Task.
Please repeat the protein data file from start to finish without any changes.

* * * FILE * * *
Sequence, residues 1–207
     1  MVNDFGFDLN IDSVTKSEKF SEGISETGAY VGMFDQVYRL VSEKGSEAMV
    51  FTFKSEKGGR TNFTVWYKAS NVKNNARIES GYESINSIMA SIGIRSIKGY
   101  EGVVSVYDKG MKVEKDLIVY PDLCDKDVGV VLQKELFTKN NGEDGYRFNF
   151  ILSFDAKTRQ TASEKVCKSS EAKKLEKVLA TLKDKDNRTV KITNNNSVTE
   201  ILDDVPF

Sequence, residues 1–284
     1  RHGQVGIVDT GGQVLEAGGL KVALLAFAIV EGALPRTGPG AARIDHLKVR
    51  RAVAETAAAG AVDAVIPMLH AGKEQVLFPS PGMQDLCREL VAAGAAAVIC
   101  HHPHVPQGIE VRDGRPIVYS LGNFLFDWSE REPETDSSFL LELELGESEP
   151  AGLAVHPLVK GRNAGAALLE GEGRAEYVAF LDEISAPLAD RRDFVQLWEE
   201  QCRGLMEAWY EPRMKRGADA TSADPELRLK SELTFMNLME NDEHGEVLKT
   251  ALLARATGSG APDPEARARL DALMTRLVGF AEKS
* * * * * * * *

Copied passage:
Sequence, residues 1–207
     1  MVNDFGFDLN IDSVTKSEKF SEGISETGAY VGMFDQVYRL VSEKGSEAMV
    51  FTFKSEKGGR TNFTVWYKAS NVKNNARIES GYESINSIMA SIGIRSIKGY
   101  EGVVSVYDKG MKVEKDLIVY PDLCDKDVGV VLQKELFTKN NGEDGYRFNF
   151  ILSFDAKTRQ TASEKVCKSS EAKKLEKVLA TLKDKDNRTV KITNNNSVTE
   201  ILDDVPF

Sequence, residues 1–284
     1  RHGQVGIVDT GGQVLEAGGL KVALLAFAIV EGALPRTGPG AARIDHLKVR
    51  RAVAETAAAG AVDAVIPMLH AGKEQVLFPS PGMQDLCREL VAAGAAAVIC
   101  HHPHVPQGIE VRDGRPIVYS LGNFLFDWSE REPETDSSFL LELELGESEP
   151  AGLAVHPLVK GRNAGAALLE GEGRAEYVAF LDEISAPLAD RRDFVQLWEE
   201  QCRGLMEAWY EPRMKRGADA TSADPELRLK SELTFMNLME NDEHGEVLKT
   251  ALLARATGSG APDPEARARL DALMTRLVGF AEKS